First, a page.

Even more important is the amplifier’s interface with the highly variable impedances of real loudspeakers, which often are much lower than 8 ohms and partly “reactive” with high peak current demands. The output transistors in the 3020 are the same large devices which other manufacturers employ in their “60 watt” amplifiers, and in musical transients the 3020 will easily deliver over 58 watts/channel into 4 ohms or over 72 watts/channel into a low 2-ohm impedance, with no distortion due to triggering of protection circuitry.
"
IOW, the NAD will handle multiple speaker impedances, and because physics the power output varies in relation to the speaker impedance. I would not run an amplifier at two ohms for any length of time, but you're not going to get into that unless you're running multiple speakers per side. Any 8, 6, or 4 ohm speaker will be fine.

Power handling/recommended amp power ratings of speakers are . . . well, let's just say they're kind of a vague specification. Mostly it means "If we've rated it at 85 watts, don't hook a 300 watt amplifier up to it and turn it all the way up." As TrialByMedia points out, sensitivity/efficiency ratings are a bit more useful - higher sensitivity means the speaker is more "responsive" at lower volume. Although I would not worry about a 1db difference there. Any speaker 15-100 watts should be OK.

I have little money so my budget is limited to eBay bargains

My general advice would be buy the newest speakers you can afford. Speaker components are basically a bunch of paper and coils of wire as part of a simple electromagnet, this stuff wears out with time and use. You don't know what sort of abuse previous owners have put them through, and even if they've been super-careful with them, 10 years of regular use is going to have a greater effect vs. 5 years of same.

So with that in mind, I would, for example, go with the Diamond 9's over the Laser 80's, simply because the Lasers are such an old model that I'm having trouble finding specs on them.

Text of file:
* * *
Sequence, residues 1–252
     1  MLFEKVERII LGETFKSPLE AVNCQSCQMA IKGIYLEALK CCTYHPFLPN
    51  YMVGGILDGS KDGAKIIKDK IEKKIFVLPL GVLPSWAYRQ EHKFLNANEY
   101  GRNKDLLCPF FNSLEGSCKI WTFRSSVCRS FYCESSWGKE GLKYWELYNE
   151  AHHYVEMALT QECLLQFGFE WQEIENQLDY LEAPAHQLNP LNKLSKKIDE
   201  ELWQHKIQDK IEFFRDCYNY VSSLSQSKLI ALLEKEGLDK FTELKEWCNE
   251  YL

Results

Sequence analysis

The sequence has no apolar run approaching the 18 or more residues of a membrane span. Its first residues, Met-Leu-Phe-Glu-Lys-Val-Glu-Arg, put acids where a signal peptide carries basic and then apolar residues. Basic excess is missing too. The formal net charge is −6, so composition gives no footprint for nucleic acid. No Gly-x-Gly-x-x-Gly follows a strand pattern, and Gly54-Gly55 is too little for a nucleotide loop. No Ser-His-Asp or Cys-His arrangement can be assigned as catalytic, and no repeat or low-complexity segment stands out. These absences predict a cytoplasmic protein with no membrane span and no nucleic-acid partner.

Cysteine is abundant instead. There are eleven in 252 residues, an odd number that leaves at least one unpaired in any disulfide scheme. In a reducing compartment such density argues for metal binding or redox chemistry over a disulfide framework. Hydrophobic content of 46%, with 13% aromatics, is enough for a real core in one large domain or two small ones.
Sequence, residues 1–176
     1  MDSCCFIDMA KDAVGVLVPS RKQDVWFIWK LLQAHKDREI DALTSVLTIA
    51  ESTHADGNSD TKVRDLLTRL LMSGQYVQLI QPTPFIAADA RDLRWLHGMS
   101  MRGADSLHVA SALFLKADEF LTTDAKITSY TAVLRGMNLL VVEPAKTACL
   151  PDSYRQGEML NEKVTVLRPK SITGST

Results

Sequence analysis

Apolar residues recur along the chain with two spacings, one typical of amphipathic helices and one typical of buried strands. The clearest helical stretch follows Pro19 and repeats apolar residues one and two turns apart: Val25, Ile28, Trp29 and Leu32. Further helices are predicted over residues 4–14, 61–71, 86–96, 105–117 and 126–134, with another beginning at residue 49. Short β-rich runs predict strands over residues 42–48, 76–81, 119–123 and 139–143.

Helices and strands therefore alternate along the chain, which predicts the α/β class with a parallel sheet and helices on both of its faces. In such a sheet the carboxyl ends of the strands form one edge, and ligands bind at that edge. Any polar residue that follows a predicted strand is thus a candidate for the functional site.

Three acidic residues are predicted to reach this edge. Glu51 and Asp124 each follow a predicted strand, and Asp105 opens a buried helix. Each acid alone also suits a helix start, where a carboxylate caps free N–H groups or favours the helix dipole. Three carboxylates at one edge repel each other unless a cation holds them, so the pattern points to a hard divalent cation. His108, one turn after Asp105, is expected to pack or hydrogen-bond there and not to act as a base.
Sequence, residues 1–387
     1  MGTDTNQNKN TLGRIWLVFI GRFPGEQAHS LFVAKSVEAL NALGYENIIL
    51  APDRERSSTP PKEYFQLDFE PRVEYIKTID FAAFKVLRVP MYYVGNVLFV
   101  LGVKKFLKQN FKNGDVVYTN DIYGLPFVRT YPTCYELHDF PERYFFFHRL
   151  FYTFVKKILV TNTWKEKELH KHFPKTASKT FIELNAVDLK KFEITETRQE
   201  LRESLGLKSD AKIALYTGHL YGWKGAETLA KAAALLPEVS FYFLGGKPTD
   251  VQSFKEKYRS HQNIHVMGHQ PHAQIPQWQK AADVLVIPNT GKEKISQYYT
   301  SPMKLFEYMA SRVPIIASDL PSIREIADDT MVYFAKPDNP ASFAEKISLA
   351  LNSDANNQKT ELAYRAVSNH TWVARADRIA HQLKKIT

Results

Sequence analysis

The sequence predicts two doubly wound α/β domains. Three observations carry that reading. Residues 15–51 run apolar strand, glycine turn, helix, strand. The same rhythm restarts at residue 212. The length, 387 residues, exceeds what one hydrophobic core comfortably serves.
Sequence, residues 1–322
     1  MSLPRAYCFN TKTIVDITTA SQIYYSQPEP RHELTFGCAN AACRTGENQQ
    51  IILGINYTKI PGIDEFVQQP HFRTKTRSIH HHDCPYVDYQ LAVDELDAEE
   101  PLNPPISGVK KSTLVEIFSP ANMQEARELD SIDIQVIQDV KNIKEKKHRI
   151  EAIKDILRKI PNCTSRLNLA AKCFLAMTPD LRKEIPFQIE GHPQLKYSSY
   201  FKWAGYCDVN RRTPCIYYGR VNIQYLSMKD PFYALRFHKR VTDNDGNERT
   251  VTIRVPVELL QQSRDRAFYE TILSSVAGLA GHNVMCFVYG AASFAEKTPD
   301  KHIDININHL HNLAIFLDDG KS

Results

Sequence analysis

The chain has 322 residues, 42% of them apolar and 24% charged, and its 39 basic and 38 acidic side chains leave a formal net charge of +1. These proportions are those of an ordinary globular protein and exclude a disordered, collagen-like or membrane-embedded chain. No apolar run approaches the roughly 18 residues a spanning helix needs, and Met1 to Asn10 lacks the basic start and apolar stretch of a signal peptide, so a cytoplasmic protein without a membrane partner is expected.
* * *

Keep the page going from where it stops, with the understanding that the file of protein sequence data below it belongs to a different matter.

And while I'm not in the UK, my general understanding is that Wharfedale is a reputable brand worth looking for.
posted by soundguy99 at 6:35 AM on December 18, 2019


The NAD3020 can easily drive 2 ohm speakers, so the advice to stick with 8 ohm and stay away from 4 ohm can safely be dismissed.

You can hook up any set of speakers that fits your budget, is rated at 30W or more, 4 or 8 ohm and, most importantly, sounds fine to you. At normal listening levels in a smallish room you rarely exceed a few watts of output power per channel, and that only in the loudest passages.
posted by Stoneshop at 6:37 AM on December 18, 2019 [2 favorites]


If NAD indicates that the amp is 4-ohm stable, then definitely disregard my advice about avoiding 4-ohm speakers.
posted by TrialByMedia at 7:03 AM on December 18, 2019


I don't know if they're made the same as before, but I had some similar small Wharfedale Diamond speakers 16 years ago and they had a good sound for the price (at the time, and they seem to be much cheaper now).
posted by anzen-dai-ichi at 9:09 PM on December 18, 2019


I bought a set of Wharfedale Diamond 9.1s back in 2008 and use them as desktop speakers daily today in a room slightly smaller than that. I love their sound. (Only caveat to my recommendation is that I am driving them with a much bigger amp (the Dayton Audio APA150), but I'm sure your NAD would make them sing equally well.)
posted by namewithoutwords at 6:33 AM on December 19, 2019